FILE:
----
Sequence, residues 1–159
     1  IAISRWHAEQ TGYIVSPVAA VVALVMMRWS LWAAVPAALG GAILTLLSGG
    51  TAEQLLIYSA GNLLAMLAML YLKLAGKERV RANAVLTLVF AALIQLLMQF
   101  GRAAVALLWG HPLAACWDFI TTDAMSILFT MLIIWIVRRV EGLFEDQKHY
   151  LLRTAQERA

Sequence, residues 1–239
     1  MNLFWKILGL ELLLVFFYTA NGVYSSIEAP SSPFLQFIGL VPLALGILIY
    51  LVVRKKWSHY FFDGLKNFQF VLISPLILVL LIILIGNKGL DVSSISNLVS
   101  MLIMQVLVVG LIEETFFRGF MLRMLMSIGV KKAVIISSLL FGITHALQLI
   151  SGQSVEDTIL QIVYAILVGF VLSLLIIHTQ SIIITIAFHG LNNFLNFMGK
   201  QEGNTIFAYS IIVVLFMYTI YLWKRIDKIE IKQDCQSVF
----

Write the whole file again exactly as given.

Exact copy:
Sequence, residues 1–159
     1  IAISRWHAEQ TGYIVSPVAA VVALVMMRWS LWAAVPAALG GAILTLLSGG
    51  TAEQLLIYSA GNLLAMLAML YLKLAGKERV RANAVLTLVF AALIQLLMQF
   101  GRAAVALLWG HPLAACWDFI TTDAMSILFT MLIIWIVRRV EGLFEDQKHY
   151  LLRTAQERA

Sequence, residues 1–239
     1  MNLFWKILGL ELLLVFFYTA NGVYSSIEAP SSPFLQFIGL VPLALGILIY
    51  LVVRKKWSHY FFDGLKNFQF VLISPLILVL LIILIGNKGL DVSSISNLVS
   101  MLIMQVLVVG LIEETFFRGF MLRMLMSIGV KKAVIISSLL FGITHALQLI
   151  SGQSVEDTIL QIVYAILVGF VLSLLIIHTQ SIIITIAFHG LNNFLNFMGK
   201  QEGNTIFAYS IIVVLFMYTI YLWKRIDKIE IKQDCQSVF